Figure 1: On the left side, the 12-lead ECG of the ventricular tachycardia is shown. On the right side, two views of an activation map of the VT are presented. Activation during VT in both ventricles as well as in the great cardiac vein (GV) and anterior cardiac vein (AV) is demonstrated. Recordings of distal ablation catheter (Map 1-2) and lead aVF at the earliest activation sites in the left ventricle (LV; 10 ms before QRS onset), in the right ventricle (RV, -20 ms) and in the AV (-20 ms) are shown. Brown dots represent ablation points, pink dots ablation points partially effective at higher power ablation. PA=pulmonary artery.
Figure 2: Antero-posterior fluoroscopic view of bipolar catheter ablation from the left and right ventricular outflow tracts. A first ablation catheter is positioned in the left ventricular outflow tract via a retrograde, aortic approach (catheter A) and a second ablation catheter in the right ventricular outflow tract via a long sheath (catheter B). Both catheters are placed at sites of earliest activation in the respective outflow tracts. A third mapping catheter is situated high in the right ventricular outflow tract (catheter C). Bipolar ablation was performed between the distal tips of both ablation catheters (A and B) with one catheter acting as cathode, and the other as anode.
Because of recurrence of VT and the presumed origin in the proximal septum it was decided to attempt transcoronary ethanol ablation.[1,2] The coronary angiogram showed a prominent first septal perforator just before the stenotic part of the left anterior descending coronary artery. A guidewire was inserted into the first septal perforator and a unipolar electrogram recorded from the guidewire (Figure 3) as described by Segal et al. In the proximal part of the septal perforator, earliest activity before QRS onset during tachycardia was minus 50 ms, and more delayed when advancing the guidewire deeper into the artery. The ostium of the septal perforator was occluded by a balloon and cold saline infused into the artery as described earlier.[1,2] This temporarily suppressed tachycardia. A total of 1.5 ml of absolute ethanol (96%) was then infused into the first septal perforator, upon which tachycardia ceased completely. Angiography showed a completely thrombosed first septal perforator. Troponin I rised to a maximum of 30 ng/ml (norm 0.00-0.04 ng/ml) two days after the procedure. After 2 months, the patient did not experience recurrence of ventricular tachycardia with improvement of functional class (NYHA II).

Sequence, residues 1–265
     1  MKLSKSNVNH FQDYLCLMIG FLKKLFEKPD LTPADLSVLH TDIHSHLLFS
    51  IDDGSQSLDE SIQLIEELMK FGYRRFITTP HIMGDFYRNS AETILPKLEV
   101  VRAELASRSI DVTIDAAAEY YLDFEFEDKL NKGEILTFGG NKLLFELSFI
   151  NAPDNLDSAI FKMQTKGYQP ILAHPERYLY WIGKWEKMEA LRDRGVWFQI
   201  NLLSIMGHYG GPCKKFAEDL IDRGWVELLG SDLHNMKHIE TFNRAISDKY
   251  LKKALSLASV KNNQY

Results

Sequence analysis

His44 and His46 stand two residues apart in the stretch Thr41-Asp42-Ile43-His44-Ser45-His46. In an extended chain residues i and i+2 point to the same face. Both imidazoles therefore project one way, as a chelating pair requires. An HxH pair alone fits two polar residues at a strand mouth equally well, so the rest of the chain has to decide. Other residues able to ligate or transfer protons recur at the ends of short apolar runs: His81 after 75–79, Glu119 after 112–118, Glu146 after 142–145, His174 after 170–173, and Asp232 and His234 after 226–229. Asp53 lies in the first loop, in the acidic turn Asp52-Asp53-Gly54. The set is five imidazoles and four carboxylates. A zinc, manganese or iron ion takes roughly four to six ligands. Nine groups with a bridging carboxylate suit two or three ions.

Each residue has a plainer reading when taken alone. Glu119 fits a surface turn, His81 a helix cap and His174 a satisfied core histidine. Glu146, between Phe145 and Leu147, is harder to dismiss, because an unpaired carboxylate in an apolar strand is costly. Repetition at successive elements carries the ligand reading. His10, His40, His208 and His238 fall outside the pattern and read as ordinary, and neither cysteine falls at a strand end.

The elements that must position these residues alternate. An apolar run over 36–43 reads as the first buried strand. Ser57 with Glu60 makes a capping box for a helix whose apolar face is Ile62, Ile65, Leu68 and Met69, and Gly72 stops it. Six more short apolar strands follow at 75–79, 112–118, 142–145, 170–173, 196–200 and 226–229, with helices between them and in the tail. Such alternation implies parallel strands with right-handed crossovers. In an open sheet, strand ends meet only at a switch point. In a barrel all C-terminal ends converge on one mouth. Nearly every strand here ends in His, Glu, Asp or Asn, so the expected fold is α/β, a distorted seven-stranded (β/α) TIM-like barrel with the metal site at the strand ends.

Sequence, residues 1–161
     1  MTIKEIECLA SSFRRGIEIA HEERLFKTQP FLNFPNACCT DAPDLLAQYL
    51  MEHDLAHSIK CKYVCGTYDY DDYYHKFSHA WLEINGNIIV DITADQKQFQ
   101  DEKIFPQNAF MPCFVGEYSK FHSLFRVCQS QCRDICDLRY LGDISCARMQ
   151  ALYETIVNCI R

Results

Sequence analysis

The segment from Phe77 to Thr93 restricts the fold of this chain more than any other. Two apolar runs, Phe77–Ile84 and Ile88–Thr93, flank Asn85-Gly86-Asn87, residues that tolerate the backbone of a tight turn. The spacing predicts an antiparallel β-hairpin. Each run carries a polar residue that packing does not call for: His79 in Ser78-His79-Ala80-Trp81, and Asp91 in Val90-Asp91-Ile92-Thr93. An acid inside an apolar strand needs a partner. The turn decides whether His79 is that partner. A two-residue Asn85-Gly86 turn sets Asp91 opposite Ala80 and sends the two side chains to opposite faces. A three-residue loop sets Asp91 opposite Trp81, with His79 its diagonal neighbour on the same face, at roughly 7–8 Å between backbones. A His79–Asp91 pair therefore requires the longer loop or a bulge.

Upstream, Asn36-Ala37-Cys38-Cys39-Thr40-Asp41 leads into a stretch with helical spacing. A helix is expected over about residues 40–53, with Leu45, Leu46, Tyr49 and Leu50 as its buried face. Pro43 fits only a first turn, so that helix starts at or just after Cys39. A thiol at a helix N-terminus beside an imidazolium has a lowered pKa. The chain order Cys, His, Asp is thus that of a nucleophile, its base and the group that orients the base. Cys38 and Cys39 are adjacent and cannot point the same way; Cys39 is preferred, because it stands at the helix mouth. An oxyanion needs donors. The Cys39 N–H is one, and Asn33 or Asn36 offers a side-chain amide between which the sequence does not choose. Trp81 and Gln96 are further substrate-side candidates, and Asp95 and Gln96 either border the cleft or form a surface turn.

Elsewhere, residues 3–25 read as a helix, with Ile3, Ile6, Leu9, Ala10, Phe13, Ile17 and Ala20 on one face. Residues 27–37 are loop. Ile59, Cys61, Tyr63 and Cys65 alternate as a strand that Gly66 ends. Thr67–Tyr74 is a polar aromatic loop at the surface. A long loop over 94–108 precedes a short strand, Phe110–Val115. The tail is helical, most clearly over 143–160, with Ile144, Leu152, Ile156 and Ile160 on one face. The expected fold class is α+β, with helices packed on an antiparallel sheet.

Figure 3: Ethanol ablation of the first septal perforator. A: Angiogram of the left coronary arteries (RAO 45° view). The left anterior descending coronary artery is diseased and stenotic, a first septal perforator is opacified (white arrow). B: A guidewire (white arrow) is introduced into the proximal part of the first septal perforator (RAO cranial view). C: Unipolar recording from the guidewire and electrocardiogram of lead III. The guidewire during this recording was in the position as shown in picture B. Earliest activation at this site preceded QRS onset by minus 50 ms. D: A balloon is introduced into the very proximal part of the first septal perforator (white arrows denote margins of balloon), and 1.5 ml of ethanol infused into the first septal perforator, successfully eliminating VT (RAO cranial view).
Ventricular tachycardia in patients with coronary artery disease is usually scar-related. In this case, despite reduced left ventricular ejection fraction and myocardial scar, tachycardia mechanism was probably focal as in classical forms of outflow tract VT. Both the absence of scar on electroanatomic mapping in the region of interest, as well as the repetitive, monomorphic pattern of VT point to this mechanism.